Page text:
It is hard to believe that it was only seven years ago I witnessed a CNC router in action for the very first time. I was fascinated and simply had to have one! Although I had been in the creative end of the three dimensional sign business for most of my life I didn't really know what I would do with one - but I just knew it could do fantastic stuff.

Through extensive research I quickly found out that with the relative simplicity of EnRoute, CNC routers were capable of just about anything imaginable. This journal will chronicle that journey to date and continue each week with two or three entries as we continue to explore just what is possible with this wonderful software... -dan

Thursday, April 29, 2010

Dealing with those pesky glue seams and making my signs look hand carved.

Every sign maker I know struggles with glue seams when they use multiple layers. It means instant work to get everything smooth and even. We use Coastal Enterprises PB Bond-240 - a one part bonding adhesive. It doesn't bubble up as much as Gorilla glue but there is still a glue line when we are done. I'd much rather have a little glue squish out than be short and have the joint fail later. Using epoxies will result in a very hard glue line which finishes differently than the HDU when you paint.
The obvious answer would be to route our signs from a single layer of board but that is seldom practical. It can waste a whole lot more material and it would of course be impossible to laminate in structural steel or mounting hardware into the sign.
We take a different route. First off - I really dislike sanding. While Precision Board (or other HDUs) sand up in a hurry making things perfectly smooth I believe this makes our signs look like they came out of a mold or were machine made. I LOVE my MultiCam but I don't want my signs to look like a machine made them. I want them to look hand made. We do that by purposely introducing TEXTURE. My favorite hand tool is my die grinder. It makes the hand work effortless and FAST! I keep two grinders handy with a large bit and a smaller one. Having two means I don't have to slow down much when I need to switch tools. Changing bits takes time. I also keep a new spare one tucked away in case one of these packs it in which happens occasionally. I don't oil my die grinders - which obviously shortens their life substantially. I found that the oil sprays out landing on the work... which means a paint failure down the road. The die grinders are much less expensive than my signs or the labor to produce them. So I run them dry.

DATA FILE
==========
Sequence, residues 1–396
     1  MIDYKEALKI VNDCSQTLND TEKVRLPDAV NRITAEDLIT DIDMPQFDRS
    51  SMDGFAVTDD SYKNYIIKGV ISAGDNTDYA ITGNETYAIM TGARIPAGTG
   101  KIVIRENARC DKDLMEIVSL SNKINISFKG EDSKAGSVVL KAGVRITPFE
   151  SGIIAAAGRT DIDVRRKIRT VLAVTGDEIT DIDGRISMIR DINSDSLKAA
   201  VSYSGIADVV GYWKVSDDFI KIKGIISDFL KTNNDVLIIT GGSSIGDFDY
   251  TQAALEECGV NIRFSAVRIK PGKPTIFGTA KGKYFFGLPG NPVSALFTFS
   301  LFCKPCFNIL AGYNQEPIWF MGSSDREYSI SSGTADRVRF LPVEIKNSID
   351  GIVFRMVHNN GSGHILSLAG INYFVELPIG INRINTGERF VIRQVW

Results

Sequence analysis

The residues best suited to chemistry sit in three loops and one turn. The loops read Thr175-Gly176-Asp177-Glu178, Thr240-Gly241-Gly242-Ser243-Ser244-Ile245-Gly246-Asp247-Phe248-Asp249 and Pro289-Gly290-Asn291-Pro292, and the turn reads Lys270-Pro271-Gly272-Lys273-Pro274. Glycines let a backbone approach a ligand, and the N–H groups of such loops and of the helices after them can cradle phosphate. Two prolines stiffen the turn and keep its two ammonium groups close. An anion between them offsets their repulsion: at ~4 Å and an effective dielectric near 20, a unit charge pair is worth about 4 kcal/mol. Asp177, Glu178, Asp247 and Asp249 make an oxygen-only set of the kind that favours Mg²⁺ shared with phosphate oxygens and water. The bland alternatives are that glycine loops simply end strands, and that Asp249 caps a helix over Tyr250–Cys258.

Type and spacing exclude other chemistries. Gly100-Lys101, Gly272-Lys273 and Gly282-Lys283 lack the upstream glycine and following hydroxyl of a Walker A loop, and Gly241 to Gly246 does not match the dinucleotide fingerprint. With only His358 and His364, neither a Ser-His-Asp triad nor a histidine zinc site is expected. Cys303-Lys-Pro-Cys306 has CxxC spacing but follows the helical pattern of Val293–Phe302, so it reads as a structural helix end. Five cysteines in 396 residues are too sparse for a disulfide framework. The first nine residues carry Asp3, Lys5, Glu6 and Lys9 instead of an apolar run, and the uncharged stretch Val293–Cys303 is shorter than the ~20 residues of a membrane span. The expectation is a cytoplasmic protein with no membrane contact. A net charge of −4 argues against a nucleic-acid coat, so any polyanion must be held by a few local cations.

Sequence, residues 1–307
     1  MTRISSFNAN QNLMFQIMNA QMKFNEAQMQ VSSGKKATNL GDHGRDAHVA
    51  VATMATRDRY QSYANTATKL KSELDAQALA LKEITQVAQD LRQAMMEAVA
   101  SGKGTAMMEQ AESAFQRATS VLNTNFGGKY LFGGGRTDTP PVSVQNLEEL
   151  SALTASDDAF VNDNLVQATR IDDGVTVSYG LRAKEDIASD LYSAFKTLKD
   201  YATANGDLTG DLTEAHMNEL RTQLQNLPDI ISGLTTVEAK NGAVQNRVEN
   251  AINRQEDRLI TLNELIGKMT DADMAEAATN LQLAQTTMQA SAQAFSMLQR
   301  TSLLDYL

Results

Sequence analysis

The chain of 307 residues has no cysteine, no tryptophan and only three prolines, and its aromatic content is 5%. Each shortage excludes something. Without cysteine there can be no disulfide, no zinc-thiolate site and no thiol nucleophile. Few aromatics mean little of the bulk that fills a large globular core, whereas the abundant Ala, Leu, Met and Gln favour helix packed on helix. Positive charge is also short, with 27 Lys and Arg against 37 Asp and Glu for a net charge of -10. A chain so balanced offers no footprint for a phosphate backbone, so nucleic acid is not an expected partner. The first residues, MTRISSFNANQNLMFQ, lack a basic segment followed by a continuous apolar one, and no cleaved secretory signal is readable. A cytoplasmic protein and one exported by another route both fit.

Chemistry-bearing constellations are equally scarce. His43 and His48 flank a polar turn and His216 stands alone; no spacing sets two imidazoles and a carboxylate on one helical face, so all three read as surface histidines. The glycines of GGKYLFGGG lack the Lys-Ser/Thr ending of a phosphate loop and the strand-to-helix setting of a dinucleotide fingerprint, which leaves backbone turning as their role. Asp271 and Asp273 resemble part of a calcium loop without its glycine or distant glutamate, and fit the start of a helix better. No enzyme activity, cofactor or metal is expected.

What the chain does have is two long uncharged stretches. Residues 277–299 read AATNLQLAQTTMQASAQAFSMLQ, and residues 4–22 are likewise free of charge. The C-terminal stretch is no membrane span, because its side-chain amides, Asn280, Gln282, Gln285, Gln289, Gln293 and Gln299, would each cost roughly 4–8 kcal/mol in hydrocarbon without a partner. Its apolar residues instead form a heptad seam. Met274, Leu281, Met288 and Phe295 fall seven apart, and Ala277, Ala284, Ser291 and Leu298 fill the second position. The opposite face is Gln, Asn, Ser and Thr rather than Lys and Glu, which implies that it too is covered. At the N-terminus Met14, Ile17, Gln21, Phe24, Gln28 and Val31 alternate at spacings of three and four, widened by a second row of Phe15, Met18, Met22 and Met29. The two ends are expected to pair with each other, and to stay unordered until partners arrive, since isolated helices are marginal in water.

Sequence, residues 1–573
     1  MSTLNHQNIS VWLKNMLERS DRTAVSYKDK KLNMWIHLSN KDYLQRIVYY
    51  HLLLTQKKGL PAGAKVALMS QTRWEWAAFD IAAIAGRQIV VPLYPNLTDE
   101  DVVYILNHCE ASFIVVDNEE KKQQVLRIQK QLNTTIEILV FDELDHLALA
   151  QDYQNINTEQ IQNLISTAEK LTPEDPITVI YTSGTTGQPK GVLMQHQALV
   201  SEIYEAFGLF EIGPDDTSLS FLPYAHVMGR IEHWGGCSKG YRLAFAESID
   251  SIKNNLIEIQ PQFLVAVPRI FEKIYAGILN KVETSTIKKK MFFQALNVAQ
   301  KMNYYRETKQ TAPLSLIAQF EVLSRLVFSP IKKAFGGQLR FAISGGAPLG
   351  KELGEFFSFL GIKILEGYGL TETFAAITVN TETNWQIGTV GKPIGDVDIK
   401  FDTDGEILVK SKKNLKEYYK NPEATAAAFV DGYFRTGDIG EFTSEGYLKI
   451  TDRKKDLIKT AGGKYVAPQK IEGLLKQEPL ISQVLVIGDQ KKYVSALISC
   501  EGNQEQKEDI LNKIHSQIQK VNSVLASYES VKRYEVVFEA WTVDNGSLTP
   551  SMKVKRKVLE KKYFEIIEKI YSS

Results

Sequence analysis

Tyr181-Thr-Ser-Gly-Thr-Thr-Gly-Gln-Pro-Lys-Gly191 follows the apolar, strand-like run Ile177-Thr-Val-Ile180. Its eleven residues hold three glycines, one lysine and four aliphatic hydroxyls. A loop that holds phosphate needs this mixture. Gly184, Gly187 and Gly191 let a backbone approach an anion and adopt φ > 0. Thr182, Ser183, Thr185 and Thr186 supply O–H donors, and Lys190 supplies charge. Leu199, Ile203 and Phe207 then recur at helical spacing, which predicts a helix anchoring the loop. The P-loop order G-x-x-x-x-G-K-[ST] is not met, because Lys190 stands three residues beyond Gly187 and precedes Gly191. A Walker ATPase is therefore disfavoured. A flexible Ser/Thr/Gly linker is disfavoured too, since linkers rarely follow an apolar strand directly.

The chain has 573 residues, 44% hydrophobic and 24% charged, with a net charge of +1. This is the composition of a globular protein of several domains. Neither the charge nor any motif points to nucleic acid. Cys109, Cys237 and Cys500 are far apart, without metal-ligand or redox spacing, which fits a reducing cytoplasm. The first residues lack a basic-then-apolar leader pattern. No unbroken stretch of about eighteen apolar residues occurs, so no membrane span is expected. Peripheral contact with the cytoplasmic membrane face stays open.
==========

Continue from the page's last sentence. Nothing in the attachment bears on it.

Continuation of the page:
When I work on the edges of my signs I first whip off the glue lines and even up the layers if things aren't quite lined up. The next step is to do any shaping that didn't happen on the router. In this case this was the rounded ends of the scroll and the fold line underneath. I could have easily programmed these shapes in EnRoute but it was simply faster and easier to do it by hand (for me). Once the glue lines were gone and the shaping was done I then quickly went over all the edges and other areas which needed texture. This included the face of the scroll. The sign instantly looked like I had spent hours and hours hand carving it. MAGIC!
Next I'll add a little MORE subtle texture in key areas like the lettering with the primer...